My name is Damían Vargas, and I am a wannabe writer of fiction.
The parodic reference to the Alcoholics Anonymous group meeting introductory statement is intentional. I do not quite know what to expect from going public with my creative project. Perhaps it will become a staunch support forum for me on my journey, or maybe this web site and accompanying social media channels are the proverbial (digital) rods for my own back.
But here goes.
‘Five Long Days in Andalusia’ is the (current) title of, what I hope, will be my first novel and which will be the foundation upon which I can build a career as a fiction writer.
The initial ‘just dabbling’ of the first few months gave way to ever more frequent nightly-writing stints after long days at the office. My daily commute by car and on foot, which previously had been my opportunity to listen to Spotify playlists, became the window of opportunity I had to find and consume a multitude of podcasts on writing, publishing and digital marketing. What started as a creative time-filler became a life goal, a commitment and a passion.
I have made a commitment to myself, to not only construct a story (the easy part as I quickly realised), but also to master editing, to considerably improve my writing style, to expand my vocabulary, and most of all, the standard of my grammar.
On top of writing as regularly as I can – even 100 words is 100 words nearer to the goal – it became necessary to also dive into the murky underbelly of book publishing. I needed (and need still) to study the difference between being published and self-publishing. I need to accept that making money from writing fiction is extremely difficult in the digital era, and to appreciate that the successful author builds a personal brand over many years and works fiercely to promote themselves and their work.
This web site and blog, the companion social media channels and the newsletter that I will begin releasing are my public stake in the digital ground; I have announced myself to the world now, so while I may well fail, it cannot be from a lack of trying.
I have so much to learn but am I energised and excited by that challenge. I know that I will make mistakes (for I already have) and that things will not progress in the way that I currently anticipate, but it will be a personal journey of discovery; one that I hope that others will find to be of interest.
I have been working on the manuscript for over six months. It currently amounts to approximately 52,000 words and the story is, I feel, about 50% complete. I am under no illusion that I will relocate, replace or cull almost every one of those words before I can consider sharing the document with a professional editor. I learned very quickly that ‘writing’, in actuality, means ‘editing’ (and re-editing). My journey has begun though, and I will be sharing updates on my progress on this site and elsewhere.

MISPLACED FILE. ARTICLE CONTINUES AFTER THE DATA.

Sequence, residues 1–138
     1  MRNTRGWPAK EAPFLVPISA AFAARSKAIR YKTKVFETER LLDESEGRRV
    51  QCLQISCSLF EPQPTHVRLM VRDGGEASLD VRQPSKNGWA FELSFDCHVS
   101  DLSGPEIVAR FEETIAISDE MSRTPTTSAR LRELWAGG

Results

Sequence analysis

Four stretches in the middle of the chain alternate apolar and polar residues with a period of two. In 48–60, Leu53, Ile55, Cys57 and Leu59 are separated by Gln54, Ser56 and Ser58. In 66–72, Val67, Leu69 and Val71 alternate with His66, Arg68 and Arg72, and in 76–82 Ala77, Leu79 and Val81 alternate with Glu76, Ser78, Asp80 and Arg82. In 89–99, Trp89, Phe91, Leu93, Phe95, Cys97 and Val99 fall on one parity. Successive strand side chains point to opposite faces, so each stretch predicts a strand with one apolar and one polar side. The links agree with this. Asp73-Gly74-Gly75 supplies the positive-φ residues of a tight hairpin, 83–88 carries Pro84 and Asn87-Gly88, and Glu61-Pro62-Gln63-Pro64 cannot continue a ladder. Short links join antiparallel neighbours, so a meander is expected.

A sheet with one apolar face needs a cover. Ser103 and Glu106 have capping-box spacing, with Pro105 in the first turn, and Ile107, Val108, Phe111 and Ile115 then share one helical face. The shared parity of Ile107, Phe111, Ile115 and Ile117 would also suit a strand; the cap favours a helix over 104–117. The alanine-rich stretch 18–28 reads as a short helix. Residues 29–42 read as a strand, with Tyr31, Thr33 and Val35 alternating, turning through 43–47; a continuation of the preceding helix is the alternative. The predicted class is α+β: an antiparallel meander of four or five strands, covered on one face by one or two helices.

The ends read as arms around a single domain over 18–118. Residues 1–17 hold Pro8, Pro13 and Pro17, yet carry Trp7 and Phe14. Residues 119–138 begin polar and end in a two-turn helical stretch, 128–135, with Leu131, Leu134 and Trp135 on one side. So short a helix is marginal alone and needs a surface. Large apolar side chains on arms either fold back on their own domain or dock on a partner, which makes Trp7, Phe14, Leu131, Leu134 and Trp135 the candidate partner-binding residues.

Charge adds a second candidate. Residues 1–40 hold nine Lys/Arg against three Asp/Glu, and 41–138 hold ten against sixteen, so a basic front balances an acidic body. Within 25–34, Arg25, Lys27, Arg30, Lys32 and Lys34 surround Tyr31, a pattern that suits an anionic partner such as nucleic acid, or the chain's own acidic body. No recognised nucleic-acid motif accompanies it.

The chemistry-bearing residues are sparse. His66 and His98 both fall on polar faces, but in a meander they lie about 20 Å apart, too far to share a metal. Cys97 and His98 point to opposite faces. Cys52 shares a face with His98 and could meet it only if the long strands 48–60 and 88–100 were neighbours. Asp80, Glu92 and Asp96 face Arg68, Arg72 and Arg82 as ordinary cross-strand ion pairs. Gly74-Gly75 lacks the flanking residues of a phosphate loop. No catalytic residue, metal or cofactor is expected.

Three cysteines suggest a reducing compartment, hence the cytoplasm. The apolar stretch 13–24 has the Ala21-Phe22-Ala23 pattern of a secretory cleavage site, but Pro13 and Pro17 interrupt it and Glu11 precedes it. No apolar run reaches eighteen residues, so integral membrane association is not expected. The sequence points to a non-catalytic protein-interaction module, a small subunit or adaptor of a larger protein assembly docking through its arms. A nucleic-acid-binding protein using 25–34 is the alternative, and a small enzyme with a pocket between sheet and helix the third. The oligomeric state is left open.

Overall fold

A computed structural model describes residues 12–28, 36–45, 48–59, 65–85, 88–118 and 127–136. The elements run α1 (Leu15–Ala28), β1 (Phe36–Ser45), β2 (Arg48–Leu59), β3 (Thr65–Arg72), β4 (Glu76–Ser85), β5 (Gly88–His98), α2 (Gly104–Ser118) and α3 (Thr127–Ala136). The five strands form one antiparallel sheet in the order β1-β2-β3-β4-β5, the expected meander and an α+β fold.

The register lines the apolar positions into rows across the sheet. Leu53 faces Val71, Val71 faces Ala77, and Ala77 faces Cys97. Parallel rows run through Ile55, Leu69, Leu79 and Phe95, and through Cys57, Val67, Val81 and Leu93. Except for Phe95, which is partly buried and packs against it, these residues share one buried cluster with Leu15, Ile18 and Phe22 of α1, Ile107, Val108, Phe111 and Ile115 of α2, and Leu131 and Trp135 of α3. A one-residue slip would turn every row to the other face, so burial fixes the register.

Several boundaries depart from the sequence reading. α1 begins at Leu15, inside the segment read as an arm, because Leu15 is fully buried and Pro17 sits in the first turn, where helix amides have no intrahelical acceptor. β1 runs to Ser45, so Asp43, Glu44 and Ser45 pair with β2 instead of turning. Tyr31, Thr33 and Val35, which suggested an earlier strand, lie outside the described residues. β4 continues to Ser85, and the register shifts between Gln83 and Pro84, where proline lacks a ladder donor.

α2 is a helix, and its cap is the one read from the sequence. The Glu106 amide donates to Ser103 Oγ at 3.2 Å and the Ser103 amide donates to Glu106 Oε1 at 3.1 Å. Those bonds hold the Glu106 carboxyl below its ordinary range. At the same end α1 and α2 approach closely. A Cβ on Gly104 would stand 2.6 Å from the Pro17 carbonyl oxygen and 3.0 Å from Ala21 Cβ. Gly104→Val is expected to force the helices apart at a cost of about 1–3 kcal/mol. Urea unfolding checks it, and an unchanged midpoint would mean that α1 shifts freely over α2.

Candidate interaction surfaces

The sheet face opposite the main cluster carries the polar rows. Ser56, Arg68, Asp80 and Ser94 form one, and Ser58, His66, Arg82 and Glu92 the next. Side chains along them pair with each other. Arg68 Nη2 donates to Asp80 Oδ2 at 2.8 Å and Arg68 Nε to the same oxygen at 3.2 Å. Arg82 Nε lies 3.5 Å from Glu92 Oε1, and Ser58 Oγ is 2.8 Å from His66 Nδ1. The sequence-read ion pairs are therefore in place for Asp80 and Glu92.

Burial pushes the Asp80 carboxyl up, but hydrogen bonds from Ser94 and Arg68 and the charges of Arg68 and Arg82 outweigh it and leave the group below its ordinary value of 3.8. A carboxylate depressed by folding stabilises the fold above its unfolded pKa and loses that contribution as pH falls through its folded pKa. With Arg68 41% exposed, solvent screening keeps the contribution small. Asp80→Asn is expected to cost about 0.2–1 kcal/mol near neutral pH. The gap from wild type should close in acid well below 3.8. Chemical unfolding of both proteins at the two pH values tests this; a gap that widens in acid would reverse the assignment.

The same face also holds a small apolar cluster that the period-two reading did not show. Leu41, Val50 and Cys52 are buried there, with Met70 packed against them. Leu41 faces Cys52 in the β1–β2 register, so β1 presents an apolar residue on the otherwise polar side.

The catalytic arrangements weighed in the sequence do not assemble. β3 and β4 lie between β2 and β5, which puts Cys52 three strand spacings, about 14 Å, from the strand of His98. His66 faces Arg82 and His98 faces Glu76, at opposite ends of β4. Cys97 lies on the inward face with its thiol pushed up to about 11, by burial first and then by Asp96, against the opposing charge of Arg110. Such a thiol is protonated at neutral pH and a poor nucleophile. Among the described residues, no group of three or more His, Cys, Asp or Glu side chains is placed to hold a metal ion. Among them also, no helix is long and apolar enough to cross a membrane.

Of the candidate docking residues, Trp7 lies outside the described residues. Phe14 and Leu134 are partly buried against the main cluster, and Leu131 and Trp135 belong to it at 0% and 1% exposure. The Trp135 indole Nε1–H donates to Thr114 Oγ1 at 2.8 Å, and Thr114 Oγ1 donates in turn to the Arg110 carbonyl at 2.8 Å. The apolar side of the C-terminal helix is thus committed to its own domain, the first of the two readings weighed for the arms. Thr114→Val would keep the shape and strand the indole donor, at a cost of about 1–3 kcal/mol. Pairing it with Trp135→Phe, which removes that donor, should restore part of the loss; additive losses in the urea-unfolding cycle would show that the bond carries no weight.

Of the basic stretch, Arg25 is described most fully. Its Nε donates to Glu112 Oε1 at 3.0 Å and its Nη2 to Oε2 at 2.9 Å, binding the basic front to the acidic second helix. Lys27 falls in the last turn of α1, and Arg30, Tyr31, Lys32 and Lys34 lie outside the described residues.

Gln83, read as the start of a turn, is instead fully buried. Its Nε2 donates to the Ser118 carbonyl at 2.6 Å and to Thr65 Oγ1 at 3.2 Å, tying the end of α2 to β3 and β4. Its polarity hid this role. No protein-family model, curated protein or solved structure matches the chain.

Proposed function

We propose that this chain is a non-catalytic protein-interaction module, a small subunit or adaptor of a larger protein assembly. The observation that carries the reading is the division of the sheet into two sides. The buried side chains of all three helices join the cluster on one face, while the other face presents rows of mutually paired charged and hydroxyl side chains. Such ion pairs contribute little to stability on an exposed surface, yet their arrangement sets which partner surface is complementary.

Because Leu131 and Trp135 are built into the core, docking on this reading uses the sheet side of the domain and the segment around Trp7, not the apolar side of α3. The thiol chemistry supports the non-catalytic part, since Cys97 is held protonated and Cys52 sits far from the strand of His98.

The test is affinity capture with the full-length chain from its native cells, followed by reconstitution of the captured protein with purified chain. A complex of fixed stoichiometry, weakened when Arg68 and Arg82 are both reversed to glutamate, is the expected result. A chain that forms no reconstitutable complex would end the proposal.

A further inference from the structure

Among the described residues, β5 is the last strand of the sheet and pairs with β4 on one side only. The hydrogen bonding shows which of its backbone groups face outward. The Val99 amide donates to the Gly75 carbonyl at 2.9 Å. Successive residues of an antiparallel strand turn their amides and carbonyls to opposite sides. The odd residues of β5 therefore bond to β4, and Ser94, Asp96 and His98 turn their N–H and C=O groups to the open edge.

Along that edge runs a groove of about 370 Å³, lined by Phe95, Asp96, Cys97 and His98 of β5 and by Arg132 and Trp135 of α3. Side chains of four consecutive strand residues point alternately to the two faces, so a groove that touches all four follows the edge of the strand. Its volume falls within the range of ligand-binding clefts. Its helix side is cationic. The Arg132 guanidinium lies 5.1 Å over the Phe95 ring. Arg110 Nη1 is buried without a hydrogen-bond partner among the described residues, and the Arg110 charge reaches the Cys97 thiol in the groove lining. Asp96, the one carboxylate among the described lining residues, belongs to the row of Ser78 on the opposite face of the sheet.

I have over twenty-years of experience working in the digital-creative industry. Hence I know how difficult it is to fix schedules for a creative project. Nonetheless, a timeline – especially one made quite so public like this – imposes a need for self-discipline, for sacrifice and to the end goal.
My goal is to complete my manuscript, edited as best as I can, by Christmas 2017.
I am taking a risk; with my time as well as with my reputation. While we may commonly agree, when others tell us that failure often yields the most valuable of experience, we also know how undesirable it is to be associated with failure. Therein lies the dilemma of going public with any new creative endeavour, especially when one is commencing upon it as a self-declared newbie.
I am not doing this to generate income of any significance. I have a story to tell (several actually), and I want to do that story justice by producing a novel that is as best as I can make it. Any income that may materialise from this book project I shall take as a welcome indication that someone somewhere appreciated my time and effort. Like a musician wants people to listen to their music and a game developer wants people to play their games; I want people to read what I have created …and ideally to consider that their time was well-spent.
Whatever the outcome, this will be a journey of discovery for me personally, an opportunity to learn new skills and a means to engage with like-minded others; an experience, the details of which, I shall be sharing on this website and accompanying social media channels.
As J.R.R. Tolkien wrote in his poem All That is Gold Does Not Glitter; “Not all those who wander are lost” or, as many a father will tell his children; “We are not lost, we just don’t know where we are yet”.
I am not sure quite where I am yet, but I know where I want to be.
I hope that you will share my journey.